The sound output may be up to 20 Watts (RMS) and enhanced with Dolby Digital Plus, but the quality is, frankly, disappointing. The main culprit is the speaker set-up, which uses just two 10W full-range drivers, which fire downwards. As a result, even with the volume full up, the TH7100 struggles to make an impression. And the louder you set it, the worse it sounds as the inevitable distortion starts to creep in.
There is Dialog Enhancement circuitry on hand which helps a lot with midrange detail, and an Adaptive Sound system constantly monitors the audio signal and adds some soft compression which helps to keep the highs and lows in check. If you’re forced to use the internal speakers then it won’t be the end of the world, but this is a TV that cries out for the addition of a soundbar.
We recently looked at the best soundbars for under £100, and something like the Sony HT-SF150 would be ideal. Admittedly that’s at the top end of the budget bracket (about £97), so a cheaper alternative would be any of the well-reviewed models from Majority. We particularly like the Majority Snowdon II, which in our review proved to be powerful and clear, with impressive low-end response. Another great soundbar is the LG SK1D (affectionately known as ‘The Skid’). The link below will take you to our full review.
Samsung TU7100 Review: Auto Game Mode and Game Enhancer
Making full use of all the enhancements and monitoring technology onboard, Samsung have included a bonus for all the casual gamers out there.
Auto Game Mode instantly recognises when a gaming console, such as an Xbox, has been connected to the TV and automatically adjusts all the relevant settings for the best possible gaming experience. One of the major changes is that the DNIe chip in the TV is bypassed, which disables some of the video processing thus allowing for a faster video response time.
All of this helps to reduce input lag (down to 9.5ms), which is probably the most important element for gamers. Additionally, Samsung’s proprietary Game Enhancer adjusts brightness and colour on a game-by-game basis to ensure the clearest optics for gameplay. There’s also a clever AI algorithm that analyses the audio spectrum of the game in real time to provide optimised sound.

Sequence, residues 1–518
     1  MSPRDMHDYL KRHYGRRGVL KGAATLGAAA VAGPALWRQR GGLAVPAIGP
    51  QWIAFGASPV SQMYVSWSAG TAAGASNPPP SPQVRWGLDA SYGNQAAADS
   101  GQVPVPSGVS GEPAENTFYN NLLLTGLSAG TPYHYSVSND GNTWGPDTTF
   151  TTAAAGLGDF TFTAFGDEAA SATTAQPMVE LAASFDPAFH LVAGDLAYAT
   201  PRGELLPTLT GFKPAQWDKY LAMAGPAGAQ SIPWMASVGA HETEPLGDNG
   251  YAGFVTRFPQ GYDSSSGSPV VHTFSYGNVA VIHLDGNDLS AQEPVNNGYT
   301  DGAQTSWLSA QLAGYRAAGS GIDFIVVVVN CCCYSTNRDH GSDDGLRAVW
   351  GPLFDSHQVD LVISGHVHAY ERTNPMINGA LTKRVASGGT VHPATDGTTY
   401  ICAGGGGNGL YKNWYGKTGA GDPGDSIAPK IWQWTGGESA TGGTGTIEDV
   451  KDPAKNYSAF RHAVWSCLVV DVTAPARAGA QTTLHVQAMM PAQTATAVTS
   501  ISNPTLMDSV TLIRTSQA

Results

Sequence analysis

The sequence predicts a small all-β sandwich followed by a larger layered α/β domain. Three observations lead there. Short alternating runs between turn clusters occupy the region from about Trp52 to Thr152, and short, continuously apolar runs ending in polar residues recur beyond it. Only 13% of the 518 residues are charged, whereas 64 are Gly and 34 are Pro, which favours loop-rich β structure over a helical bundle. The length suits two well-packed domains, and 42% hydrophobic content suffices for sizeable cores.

Auto Game Mode also recognises the difference between playing a game on a console, watching a streaming service like Netflix, and playing a DVD movie. So the TU7100 can automatically switch back and forth between Game Mode and standard video playback mode, meaning there’s one less adjustment for you to worry about. In some cases, navigating to the relevant input on the TU7100 will actually turn on your console: this is an undocumented feature but it seems to work with most Xboxes, which is an unexpected bonus.
We’re not suggesting that the TU7100 will ever replace a dedicated gaming monitor, but if you own a gaming console or occasionally play some online games, you’ll definitely appreciate these two features. At this price point, it’s great to see these included, and it ticks another box on our ‘we love the TU71000’ list.
Next, we’ll take a look at the ways you can control the TU7100.
Samsung TU7100 Review: Remote Control and Tizen UI
First, let’s deal with the worst aspect of control, which is the included remote. To be honest, it’s a bit of an embarrassment, especially when everything else about this TV is trying so hard to win you over.
The remote is too small, too complicated, and there are a lot of unnecessary input options which most people won’t use. Samsung produce a much smarter and more stripped-back controller, called the ‘One Remote’, but you need to move up to the TU8000 range before that’s included out of the box.
As you’ll be using the TV remote a lot, the poor layout will quickly become both disappointing and annoying. We suggest switching to a programmable replacement, such as the One-For-All Contour Universal 8, which for half the price of the recommended Samsung remote adds a learning feature and the ability to control up to 8 devices. Of course, the only problem with having one remote that controls everything is what happens when you lose it — but we’re sure you’ll appreciate the immediate benefits anyway!
The included remote doesn’t feature dedicated voice control, but we wouldn’t expect this at the budget level. However, the TV will respond to commands made using an Alexa or Google Assistant-powered speaker provided everything’s on the same network. Some commands are a little restricted, but it’s easy enough to adjust volume, control playback and change channels, which is all you really need.